Rethinking the dispersal of Homo sapiens out of Africa.

Bibliographic Collection: 
Publication Type: Journal Article
Authors: Groucutt, Huw S; Petraglia, Michael D; Bailey, Geoff; Scerri, Eleanor M L; Parton, Ash; Clark-Balzan, Laine; Jennings, Richard P; Lewis, Laura; Blinkhorn, James; Drake, Nick A; Breeze, Paul S; Inglis, Robyn H; Devès, Maud H; Meredith-Williams, Matthew; Boivin, Nicole; Thomas, Mark G; Scally, Aylwyn
Year of Publication: 2015
Journal: Evol Anthropol
Volume: 24
Issue: 4
Pagination: 149-64
Date Published: 2015 Jul-Aug
Publication Language: eng
ISSN: 1520-6505
Keywords: Africa, Asia, Australia, Biological Evolution, DNA, Mitochondrial, Female, Fossils, Human Migration, Humans, Male, Paleontology, Technology

Current fossil, genetic, and archeological data indicate that Homo sapiens originated in Africa in the late Middle Pleistocene. By the end of the Late Pleistocene, our species was distributed across every continent except Antarctica, setting the foundations for the subsequent demographic and cultural changes of the Holocene. The intervening processes remain intensely debated and a key theme in hominin evolutionary studies. We review archeological, fossil, environmental, and genetic data to evaluate the current state of knowledge on the dispersal of Homo sapiens out of Africa. The emerging picture of the dispersal process suggests dynamic behavioral variability, complex interactions between populations, and an intricate genetic and cultural legacy. This evolutionary and historical complexity challenges simple narratives and suggests that hybrid models and the testing of explicit hypotheses are required to understand the expansion of Homo sapiens into Eurasia.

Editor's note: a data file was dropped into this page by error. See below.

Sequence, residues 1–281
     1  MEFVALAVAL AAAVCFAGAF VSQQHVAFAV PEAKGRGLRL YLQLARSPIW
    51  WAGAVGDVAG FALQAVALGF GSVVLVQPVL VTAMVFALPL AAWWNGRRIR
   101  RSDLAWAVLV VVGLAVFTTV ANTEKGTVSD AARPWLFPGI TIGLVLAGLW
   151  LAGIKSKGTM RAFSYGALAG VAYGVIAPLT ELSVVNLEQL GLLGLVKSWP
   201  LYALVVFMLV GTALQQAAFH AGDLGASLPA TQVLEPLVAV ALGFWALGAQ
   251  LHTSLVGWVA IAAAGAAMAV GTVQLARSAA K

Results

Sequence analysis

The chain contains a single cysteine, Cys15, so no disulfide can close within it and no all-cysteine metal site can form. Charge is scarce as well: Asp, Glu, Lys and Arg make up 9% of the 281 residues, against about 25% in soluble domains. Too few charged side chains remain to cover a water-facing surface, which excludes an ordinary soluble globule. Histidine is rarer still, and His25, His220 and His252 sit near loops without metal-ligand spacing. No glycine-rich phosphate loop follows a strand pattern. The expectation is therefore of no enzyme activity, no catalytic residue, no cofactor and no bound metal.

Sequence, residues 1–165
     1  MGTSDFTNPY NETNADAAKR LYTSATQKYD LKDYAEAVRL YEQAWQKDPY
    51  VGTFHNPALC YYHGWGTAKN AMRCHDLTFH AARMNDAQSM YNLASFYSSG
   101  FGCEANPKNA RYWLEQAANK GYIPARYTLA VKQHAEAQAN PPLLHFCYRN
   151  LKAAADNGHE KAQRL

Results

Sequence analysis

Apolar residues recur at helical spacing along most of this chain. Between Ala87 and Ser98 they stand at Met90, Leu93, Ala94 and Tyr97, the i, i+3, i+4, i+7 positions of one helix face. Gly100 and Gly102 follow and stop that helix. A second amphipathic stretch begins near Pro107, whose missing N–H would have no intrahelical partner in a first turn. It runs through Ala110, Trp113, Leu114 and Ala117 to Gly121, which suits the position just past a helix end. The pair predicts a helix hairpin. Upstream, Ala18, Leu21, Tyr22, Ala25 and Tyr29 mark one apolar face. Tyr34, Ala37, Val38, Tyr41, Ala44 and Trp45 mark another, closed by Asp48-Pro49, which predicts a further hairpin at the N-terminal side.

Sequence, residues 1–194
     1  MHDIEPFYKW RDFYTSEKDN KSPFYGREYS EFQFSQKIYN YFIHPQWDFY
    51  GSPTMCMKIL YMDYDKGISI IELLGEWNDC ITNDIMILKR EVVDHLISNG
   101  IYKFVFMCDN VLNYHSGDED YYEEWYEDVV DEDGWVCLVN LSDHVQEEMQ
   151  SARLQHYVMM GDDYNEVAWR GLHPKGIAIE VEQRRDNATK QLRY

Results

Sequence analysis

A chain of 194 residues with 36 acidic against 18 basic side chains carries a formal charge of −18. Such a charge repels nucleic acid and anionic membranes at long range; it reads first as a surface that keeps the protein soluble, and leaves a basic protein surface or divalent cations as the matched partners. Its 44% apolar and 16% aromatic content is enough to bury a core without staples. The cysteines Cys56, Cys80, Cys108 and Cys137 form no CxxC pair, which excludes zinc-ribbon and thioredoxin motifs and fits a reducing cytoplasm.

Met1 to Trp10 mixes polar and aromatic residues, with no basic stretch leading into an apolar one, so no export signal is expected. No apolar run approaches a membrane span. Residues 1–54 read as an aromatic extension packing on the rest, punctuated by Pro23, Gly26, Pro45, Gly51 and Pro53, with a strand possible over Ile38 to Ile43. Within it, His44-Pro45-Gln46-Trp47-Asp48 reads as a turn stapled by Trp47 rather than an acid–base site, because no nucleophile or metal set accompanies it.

DOI: 10.1002/evan.21455
Alternate Journal: Evol. Anthropol.